Naturally, the report was slanted in such a way as to attack the Church and its values. For example, an unfortunate woman seeking an abortion had to drive 80 miles to another hospital. Another poor soul had to drive 35 miles for a tubal ligation. I would imagine that neither one of them would think a thing about driving such a distance from their rural homes to a shopping mall, but this was portrayed as a violation of their "right to a choice."

Now, what Iím getting at here is that the prominent person being interviewed was a woman named Frances Kissling. 60 Minutes identified Ms. Kissling as "a Catholic." Let me assure you, Frances Kissling is a real piece of work. She is the head of an organization called "Catholics For a Free Choice." This group promotes so-called "choice" when it comes to abortion, sterilization, and contraception in direct violation the teaching of the Catholic Church. Yet they call themselves "Catholics for a Free Choice."

How dumb can you get? "Catholics For a Free Choice" makes about as much sense as "Atheists for School Prayer." We all know that "choice" is a code word for abortion, which is the murder of innocent human life. So, here we have "Catholics For the Murder of Innocent Human Life." Are these people nuts?

Yet here is Frances Kissling yapping away on 60 Minutes as if she is some official Catholic spokesperson. In one interview segment, she says, "It seems to me as a CatholicÖ" Well, letís picture another scene: A registered Democrat does everything in her power to advertise, defend, promote, and spread the platform of the Republican Party. She defends everything the Republicans say, especially that which directly opposes the position of the Democratic platform. Do you suppose the media would then interview her to get an overview of the Democratic platform since she is a registered Democrat? I donít think so! And if they did, and she did, she would be the laughing stock of the country.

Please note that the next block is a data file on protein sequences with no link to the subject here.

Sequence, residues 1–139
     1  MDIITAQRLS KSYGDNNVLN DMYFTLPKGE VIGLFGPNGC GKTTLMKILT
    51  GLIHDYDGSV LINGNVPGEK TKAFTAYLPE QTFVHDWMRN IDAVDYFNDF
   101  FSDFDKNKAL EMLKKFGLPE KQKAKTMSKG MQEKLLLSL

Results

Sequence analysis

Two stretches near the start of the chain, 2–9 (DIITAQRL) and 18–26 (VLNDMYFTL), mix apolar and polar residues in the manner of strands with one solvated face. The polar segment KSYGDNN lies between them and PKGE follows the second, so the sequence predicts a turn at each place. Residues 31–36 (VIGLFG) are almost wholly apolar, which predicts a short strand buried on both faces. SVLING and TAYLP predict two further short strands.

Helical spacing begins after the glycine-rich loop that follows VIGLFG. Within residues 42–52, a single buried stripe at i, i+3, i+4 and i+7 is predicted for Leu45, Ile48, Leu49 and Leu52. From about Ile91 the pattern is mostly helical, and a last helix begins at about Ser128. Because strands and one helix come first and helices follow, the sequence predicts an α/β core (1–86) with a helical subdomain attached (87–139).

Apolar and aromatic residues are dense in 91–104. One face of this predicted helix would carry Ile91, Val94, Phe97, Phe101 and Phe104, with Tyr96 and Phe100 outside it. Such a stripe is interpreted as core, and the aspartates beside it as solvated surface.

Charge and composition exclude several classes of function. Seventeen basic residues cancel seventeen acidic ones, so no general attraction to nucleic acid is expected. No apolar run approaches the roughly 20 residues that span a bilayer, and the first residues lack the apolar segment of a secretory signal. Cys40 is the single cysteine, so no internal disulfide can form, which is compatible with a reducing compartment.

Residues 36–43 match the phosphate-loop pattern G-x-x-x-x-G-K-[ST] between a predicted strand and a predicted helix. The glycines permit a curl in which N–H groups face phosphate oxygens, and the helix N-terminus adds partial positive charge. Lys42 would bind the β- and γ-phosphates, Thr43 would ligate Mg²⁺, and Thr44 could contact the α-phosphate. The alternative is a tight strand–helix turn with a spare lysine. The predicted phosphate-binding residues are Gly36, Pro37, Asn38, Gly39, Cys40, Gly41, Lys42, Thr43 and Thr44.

Two priests, Fathers James Keating and Anthony Ciorra, recently wrote an article on "Public Catholics." These are Catholics who think and love and act like a Catholicóin public, on the job, in school. (Pastoral Life, December 2000) I donít think Ms. Kissling, the "Catholics For a Free Choice, " (there is no such thing), and these exit poll respondents fit into that category. For them to publicly identify themselves as "Catholics" is deception and hypocrisy.

On the other hand, most of the people who do not attend Mass regularly or follow Church teaching are not quite in the same category as the screwballs Iíve mentioned above. They are "non-practicing Catholics."

Back to the big crowds for Christmas Masses. Who are they? Iím not sure. Iím not their judge. But they are welcome here anytime. We are called to evangelize in the new millennium. Practicing Catholics? Like all of us, they just might need lots more practice.

Let me also remind all of us that our Advent preparation is not complete without the Sacrament of Penance. Let me remind you that there is an opportunity for confession before all Masses, seven days a week here at Holy Rosary. The Advent Penance Service for those parishes who support Central Catholic School (Sacred Heart, Good Shepherd, Saint Patrick, and us) will be at Saint Patrick today, December 17th, at 3:00 p.m. We need Godís mercy and grace for our sinfulness, practicing Catholics and non-practicing alike.

I hope you received a letter from our parish staff this week with our Christmas greeting and small gift for the New Year. Thank you so much for your generosity, most recently proven by your response to our Stewardship Campaign and United Catholic Appeal. God love you all!

Sincerely in God's Providence,

Rev. Msgr. Joseph F. Schaedel